Therefore, something must be done to change the situation. Already, pilot projects on compiling heat waves took place in Ghana. They also took place in the Gambia, collaborations between local researchers and epidemiologists. It can take place across sub-Saharan Africa, when governments build on seeing the direct link between health problems and rising temperatures ravaging the world. When this takes place, information surfaces over heat-related disruptions in the continent, helping to improve the phenomenon of rising heat and enabling preparations against it.
Early warning systems should not be ignored. With early warning systems, sub-Sahara African nations create an awareness about heat waves and rising temperatures. With an awareness creation, the continent accelerates the steps taken about local situations and protecting young children and the medically challenged from undergoing suffering. With lots of people prevented from suffering, the continent grows its economic structures and ensures a better life for hundreds of millions of people.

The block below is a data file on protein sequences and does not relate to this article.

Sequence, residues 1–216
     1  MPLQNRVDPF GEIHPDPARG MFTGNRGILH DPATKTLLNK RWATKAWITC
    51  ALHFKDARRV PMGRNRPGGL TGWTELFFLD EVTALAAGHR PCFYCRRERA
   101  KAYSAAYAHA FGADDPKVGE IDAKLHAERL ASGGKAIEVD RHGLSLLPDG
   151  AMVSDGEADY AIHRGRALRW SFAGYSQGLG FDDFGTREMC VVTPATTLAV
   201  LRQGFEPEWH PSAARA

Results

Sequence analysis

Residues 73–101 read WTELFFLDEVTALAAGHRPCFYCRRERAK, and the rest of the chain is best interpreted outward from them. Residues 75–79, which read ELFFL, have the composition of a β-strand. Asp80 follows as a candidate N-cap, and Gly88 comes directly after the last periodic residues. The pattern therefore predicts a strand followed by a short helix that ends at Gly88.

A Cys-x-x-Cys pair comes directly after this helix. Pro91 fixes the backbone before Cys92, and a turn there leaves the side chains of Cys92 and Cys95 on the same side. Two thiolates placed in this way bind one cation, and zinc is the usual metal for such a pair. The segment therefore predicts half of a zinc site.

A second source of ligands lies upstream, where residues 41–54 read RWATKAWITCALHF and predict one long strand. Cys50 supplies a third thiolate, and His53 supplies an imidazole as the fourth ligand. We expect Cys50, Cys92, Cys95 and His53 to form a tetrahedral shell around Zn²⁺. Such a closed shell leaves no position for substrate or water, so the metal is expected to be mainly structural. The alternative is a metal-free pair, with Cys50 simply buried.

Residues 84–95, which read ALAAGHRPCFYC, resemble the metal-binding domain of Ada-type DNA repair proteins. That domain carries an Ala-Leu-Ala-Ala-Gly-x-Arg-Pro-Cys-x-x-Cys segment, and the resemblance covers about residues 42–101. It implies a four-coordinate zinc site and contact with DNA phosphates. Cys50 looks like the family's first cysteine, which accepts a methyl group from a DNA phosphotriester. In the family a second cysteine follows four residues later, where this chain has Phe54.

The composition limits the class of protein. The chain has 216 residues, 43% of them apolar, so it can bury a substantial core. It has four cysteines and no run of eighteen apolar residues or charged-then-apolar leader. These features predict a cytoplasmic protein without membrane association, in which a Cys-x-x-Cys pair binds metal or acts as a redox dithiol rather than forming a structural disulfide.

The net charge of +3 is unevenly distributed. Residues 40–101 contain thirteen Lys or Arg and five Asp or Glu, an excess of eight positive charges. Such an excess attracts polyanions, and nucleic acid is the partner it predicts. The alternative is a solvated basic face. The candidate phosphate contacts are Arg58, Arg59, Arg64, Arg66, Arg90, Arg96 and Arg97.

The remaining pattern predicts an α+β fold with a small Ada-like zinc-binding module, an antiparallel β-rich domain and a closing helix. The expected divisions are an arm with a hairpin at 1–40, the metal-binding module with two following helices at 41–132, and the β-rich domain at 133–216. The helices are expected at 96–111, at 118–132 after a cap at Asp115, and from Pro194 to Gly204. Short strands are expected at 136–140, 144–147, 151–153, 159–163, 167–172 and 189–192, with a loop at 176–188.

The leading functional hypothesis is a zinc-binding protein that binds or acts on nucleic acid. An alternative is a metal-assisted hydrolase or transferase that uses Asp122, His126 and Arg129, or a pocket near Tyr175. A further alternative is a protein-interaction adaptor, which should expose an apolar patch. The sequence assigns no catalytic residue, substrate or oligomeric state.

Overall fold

Obviously, a conclusive analysis arises on historical periods of heat waves from a meteorological point of view, and this will prove invaluable for hundreds of millions of people. A reliable analysis provides a relevant data about heat waves on the continent. It provides an opportunity for an awareness creation for millions of people, educating about the best way to avoid dengue fever, yellow fever, malaria, and other diseases. It enables experts to see a direct link between the health problems and rising temperatures, so that not unlike Europe and North America last week, Africa responds positively in this dangerous era of climate crisis.